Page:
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dc.contributor.authorCarey, Malcolm
dc.date.accessioned2022-01-10T15:41:13Z
dc.date.available2022-01-10T15:41:13Z
dc.date.issued2021-12-13
dc.identifierhttps://chesterrep.openrepository.com/bitstream/handle/10034/626632/conditionalityageingFinal.pdf?sequence=4
dc.identifier.citationCarey, M. (2022). Welfare conditionality, ethics and social care for older people in the UK: From civic rights to abandonment?’ British Journal of Social Work, 52(5), 3230–3246. https://doi.org/10.1093/bjsw/bcab233en_US
dc.identifier.issn0045-3102
dc.identifier.doi10.1093/bjsw/bcab233
dc.identifier.urihttp://hdl.handle.net/10034/626632
dc.descriptionThis is a pre-copyedited, author-produced PDF of an article accepted for publication in [British Journal of Social Work] following peer review. The version of record [Carey, M. (2022). Welfare conditionality, ethics and social care for older people in the UK: From civic rights to abandonment?’ British Journal of Social Work, 52(5), 3230–3246] is available online at: https://academic.oup.com/bjsw/advance-article-abstract/doi/10.1093/bjsw/bcab233/6460193?redirectedFrom=fulltext.en_US
dc.description.abstractWelfare systems are becoming ever more conditional, with access to state support increasingly rationed via a legion of legally-defined and financially-driven restrictions and rules. Civic protection and economic rights for older citizens within Western policy systems are subsequently diminishing and continue to give way to neoliberal discursive practices which prioritise welfare activation, autonomy, participation, asset-based yet precarious self-care, the aversion of health-centred risks and much higher levels of eligibility for support. This article looks at welfare conditionality and its relationship to older people, ethics and governance within social care. By using three examples of welfare conditional reforms from the UK, it is highlighted that strains typically persist between the altruistic components of some ethical frameworks and the everyday experiences of many older people. The relative gatekeeping powers of welfare professionals and expectations placed on family members and carers have also increased, especially upon older people with higher needs and who may lack economic and cultural capital. This is despite rhetorical policy-led claims of increasing choice and control, and allowing support to be more asset-based and personalised.en_US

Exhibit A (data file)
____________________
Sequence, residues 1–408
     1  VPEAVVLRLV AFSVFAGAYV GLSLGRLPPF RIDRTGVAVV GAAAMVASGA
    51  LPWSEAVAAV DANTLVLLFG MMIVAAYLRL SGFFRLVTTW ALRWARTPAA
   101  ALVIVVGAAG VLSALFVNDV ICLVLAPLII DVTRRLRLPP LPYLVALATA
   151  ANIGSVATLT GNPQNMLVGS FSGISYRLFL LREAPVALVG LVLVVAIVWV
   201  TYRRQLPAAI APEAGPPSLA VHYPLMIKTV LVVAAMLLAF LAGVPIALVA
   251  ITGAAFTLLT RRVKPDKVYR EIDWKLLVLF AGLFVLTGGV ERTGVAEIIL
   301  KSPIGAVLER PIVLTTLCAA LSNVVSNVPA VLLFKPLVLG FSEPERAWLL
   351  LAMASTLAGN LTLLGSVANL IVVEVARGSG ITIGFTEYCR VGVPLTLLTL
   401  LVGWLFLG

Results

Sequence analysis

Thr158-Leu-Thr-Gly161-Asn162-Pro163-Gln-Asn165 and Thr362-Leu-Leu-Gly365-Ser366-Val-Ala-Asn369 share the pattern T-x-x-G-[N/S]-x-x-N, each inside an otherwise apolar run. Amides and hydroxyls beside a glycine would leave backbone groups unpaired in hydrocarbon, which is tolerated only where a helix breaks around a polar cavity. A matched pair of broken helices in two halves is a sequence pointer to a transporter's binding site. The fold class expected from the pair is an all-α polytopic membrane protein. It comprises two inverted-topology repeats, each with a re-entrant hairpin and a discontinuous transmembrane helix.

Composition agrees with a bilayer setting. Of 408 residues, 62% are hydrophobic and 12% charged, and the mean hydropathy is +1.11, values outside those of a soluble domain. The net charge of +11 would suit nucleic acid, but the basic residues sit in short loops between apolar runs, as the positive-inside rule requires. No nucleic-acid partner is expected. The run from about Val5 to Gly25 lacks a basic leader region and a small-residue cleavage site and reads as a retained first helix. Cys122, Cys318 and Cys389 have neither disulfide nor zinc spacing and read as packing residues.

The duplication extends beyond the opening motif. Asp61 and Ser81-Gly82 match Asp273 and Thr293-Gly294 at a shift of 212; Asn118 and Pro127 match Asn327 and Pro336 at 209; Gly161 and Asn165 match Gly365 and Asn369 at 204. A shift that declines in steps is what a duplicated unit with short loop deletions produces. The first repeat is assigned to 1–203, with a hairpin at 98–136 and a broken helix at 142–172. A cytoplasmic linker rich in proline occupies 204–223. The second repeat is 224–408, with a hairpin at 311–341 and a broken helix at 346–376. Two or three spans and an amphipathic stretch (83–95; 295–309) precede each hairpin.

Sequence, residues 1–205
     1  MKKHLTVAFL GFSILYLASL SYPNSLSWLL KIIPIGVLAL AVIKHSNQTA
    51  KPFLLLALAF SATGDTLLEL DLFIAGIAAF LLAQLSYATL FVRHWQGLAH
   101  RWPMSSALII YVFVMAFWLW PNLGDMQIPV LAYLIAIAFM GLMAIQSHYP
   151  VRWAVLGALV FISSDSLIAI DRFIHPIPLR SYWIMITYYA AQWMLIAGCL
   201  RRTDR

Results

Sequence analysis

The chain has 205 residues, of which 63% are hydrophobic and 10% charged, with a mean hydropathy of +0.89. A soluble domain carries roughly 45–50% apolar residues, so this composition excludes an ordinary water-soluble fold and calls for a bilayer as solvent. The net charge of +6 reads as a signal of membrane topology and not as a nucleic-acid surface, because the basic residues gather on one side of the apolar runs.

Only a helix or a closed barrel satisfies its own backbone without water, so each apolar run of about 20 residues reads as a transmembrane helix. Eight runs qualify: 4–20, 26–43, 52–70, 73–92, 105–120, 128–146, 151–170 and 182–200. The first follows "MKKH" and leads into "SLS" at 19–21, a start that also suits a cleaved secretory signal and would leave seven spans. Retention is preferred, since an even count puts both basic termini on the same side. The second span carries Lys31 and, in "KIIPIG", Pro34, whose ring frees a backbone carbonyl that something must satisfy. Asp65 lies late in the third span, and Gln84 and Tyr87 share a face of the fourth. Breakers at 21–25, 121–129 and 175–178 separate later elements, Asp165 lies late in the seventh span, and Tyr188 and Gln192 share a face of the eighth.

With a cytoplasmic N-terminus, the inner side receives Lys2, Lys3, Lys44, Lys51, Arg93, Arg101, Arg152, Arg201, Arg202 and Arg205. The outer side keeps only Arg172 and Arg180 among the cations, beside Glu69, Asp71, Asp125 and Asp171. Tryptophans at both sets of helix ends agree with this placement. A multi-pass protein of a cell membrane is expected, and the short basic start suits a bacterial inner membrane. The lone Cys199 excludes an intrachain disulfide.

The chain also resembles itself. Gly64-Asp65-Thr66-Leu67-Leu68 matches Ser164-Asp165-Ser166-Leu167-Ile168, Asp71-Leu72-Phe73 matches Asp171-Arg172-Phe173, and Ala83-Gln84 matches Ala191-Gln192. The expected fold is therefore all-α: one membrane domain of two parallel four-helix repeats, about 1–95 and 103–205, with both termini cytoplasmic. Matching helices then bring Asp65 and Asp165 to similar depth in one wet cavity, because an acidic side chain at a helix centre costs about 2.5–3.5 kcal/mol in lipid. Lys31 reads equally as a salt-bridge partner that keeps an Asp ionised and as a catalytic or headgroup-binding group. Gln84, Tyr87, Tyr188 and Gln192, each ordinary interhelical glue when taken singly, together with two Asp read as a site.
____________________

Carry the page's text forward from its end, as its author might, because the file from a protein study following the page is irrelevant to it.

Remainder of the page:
dc.publisherOxford University Pressen_US
dc.relation.ispartofseriesn/aen_US
dc.relation.urlhttps://academic.oup.com/bjsw/advance-article-abstract/doi/10.1093/bjsw/bcab233/6460193?redirectedFrom=fulltexten_US
dc.rightsCC0 1.0 Universal*
dc.rights.urihttps://creativecommons.org/licenses/by-nc-nd/4.0/en_US
dc.subjectasset-based careen_US
dc.subjectolder peopleen_US
dc.subjectconditionalityen_US
dc.subjectpersonalisationen_US
dc.titleWelfare conditionality, ethics and social care for older people in the UK: From civic rights to abandonment?en_US
dc.typeArticleen_US
dc.identifier.eissn1468-263Xen_US
dc.contributor.departmentUniversity of Chesteren_US
dc.identifier.journalBritish Journal of Social Worken_US
or.grant.openaccessYesen_US
rioxxterms.funderno fundingen_US
rioxxterms.identifier.projectn/aen_US
rioxxterms.versionAMen_US
rioxxterms.versionofrecord10.1093/bjsw/bcab233en_US
rioxxterms.licenseref.startdate2023-12-13
dcterms.dateAccepted2021-11-11
rioxxterms.publicationdate2021-12-13
dc.date.deposited2022-01-10en_US
dc.indentifier.issn0045-3102en_US


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CC0 1.0 Universal
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